The building sector is the largest contributor to climate change in Connecticut.
2023 Build Better CT Policy Platform
Without meaningful legislative action now, we could end up spending millions of dollars on new and renovated buildings that lock in decades of wasted energy, air pollution, and avoidable greenhouse gas emissions.
Reduce Energy and Healthcare Costs
Improve Health and Comfort
Address Environmental Justice
Reduce Greenhouse Gas Emissions
New Construction Codes
Enact a statewide Stretch Code that can be voluntarily adopted by Municipalities and Update the CT High Performance Building Standards
SB 961 Carbon Free Schools
UPDATE: The stretch code was removed from SB 979. We'll have to table for next year.
Enact state procurement guidelines that require using building and construction materials with a smaller climate footprint.
HB 6401 Low Embodied Carbon Concrete in State Construction Projects.
Lock in energy savings, reduce pollution, increase health and comfort
Reduce greenhouse gas emissions, air pollution, and improve health.
Embodied Carbon Reduction
Reduce greenhouse gas emissions associated with building materials and construction
Connecticut has some of the highest energy costs in the nation and an aging and inefficient building stock. One of the most cost-effective ways to reduce greenhouse gas emissions is through energy efficiency.
Energy efficiency makes our state more resilient by reducing demands on the electric grid, reducing air pollution, energy burden, and the need for energy assistance. In addition to providing long-term economic stability, energy efficient buildings are also more healthy and comfortable.
Combusting fossil fuels inside of buildings causes indoor air pollution. In homes, this can produce air pollution at levels up to 10x beyond the thresholds set by the EPA for healthy outdoor air, and is estimated to be responsible for billions of health impact costs every year in the State of Connecticut.
The combination of efficient heat pumps and our current electrical grid results in fewer greenhouse gas emissions than using the most efficient gas furnace, and the energy from electric heating and cooking appliances can be offset with clean renewable energy with solar panels onsite or an increasingly clean electric grid.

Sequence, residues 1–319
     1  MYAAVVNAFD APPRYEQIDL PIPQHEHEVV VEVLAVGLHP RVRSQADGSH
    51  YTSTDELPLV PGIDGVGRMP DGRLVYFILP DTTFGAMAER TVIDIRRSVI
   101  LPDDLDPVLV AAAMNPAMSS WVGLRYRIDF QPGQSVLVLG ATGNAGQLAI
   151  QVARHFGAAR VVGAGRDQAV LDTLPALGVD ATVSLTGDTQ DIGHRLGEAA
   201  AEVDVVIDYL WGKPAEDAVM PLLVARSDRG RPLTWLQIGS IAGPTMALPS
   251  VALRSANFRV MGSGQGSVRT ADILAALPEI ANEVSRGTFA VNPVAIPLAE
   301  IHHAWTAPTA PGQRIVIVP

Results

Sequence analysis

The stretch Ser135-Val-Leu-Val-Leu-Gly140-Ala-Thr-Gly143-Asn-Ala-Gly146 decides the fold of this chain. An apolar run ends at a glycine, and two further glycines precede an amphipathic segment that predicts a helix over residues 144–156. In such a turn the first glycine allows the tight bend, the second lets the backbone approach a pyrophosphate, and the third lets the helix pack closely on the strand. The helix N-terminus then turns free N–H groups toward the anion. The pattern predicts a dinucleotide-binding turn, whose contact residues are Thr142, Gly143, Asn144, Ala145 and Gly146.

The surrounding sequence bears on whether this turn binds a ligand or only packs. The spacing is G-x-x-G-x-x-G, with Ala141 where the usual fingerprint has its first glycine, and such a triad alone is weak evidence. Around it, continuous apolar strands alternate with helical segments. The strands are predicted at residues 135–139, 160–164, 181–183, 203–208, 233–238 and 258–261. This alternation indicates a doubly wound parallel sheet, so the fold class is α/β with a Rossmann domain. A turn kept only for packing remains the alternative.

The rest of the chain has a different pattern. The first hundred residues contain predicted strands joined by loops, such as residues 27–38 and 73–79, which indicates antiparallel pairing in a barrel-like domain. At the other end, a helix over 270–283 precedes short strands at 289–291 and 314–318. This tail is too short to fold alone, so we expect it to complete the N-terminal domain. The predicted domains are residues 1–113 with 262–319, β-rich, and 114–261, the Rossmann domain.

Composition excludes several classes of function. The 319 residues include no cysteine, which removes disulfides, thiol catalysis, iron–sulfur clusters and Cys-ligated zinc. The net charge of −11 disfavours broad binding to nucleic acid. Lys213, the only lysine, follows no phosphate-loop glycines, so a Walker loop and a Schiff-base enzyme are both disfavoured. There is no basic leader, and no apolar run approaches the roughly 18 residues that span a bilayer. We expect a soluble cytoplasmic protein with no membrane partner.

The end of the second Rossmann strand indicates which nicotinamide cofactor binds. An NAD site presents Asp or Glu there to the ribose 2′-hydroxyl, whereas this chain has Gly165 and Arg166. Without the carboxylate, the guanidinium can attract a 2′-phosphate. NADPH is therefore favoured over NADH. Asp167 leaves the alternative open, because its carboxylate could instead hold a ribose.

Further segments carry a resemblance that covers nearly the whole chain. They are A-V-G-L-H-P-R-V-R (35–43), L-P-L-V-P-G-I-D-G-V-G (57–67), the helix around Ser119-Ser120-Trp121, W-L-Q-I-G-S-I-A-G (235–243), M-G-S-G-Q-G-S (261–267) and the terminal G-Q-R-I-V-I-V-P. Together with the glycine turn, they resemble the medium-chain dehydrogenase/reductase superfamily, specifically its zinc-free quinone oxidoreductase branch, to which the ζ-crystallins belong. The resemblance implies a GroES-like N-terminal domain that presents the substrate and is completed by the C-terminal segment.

Embodied carbon associated with the materials and construction of our built environment is a large contributor to greenhouse gas emissions. The most devastating effects of climate change cannot be avoided without addressing and reducing embodied carbon.
Strategies such as reducing the amount of concrete and steel used on a project and substituting low-carbon alternatives such as low-carbon concrete, mass timber, and other plant-based materials can not only reduce embodied carbon, but encourage the use of materials that sequester carbon.
Energy use in buildings is responsible for almost half of Connecticut’s greenhouse gas emissions.
A recent study found that better home energy-efficiency scores led to lower mortgage defaults.
Energy-efficiency has the potential to reduce health impacts and save lives.
Home energy transparency policies increase investment in energy efficiency.
Each $1 invested in Connecticut’s energy-efficiency fund returns almost $3 in lifetime savings.
Building fossil fuel use accounted for about 32.7% of Connecticut’s greenhouse gas emissions in 2018.
Air pollution from burning fuels in Connecticut buildings led to an estimated 318 early deaths and $3.567 billion in health impact costs in 2017.
Electric heat pumps are typically 300% efficient vs a max of 95% for high-efficiency fossil fuel equipment because they move heat instead of generating heat.
A recent study showed that 12.7% of childhood asthma is attributable to gas stove use.
Embodied carbon accounts for approximately 23% of global greenhouse emissions, mostly related to concrete and steel.
There are concrete technologies available now that can reduce or eliminate the GHG emissions associated with concrete production.
Wood is a low carbon option for structures, and if forested sustainably, it can even sequester carbon.
Many other jurisdictions have enacted Buy Clean legislation that requires the local or state government to procure low-embodied carbon building materials.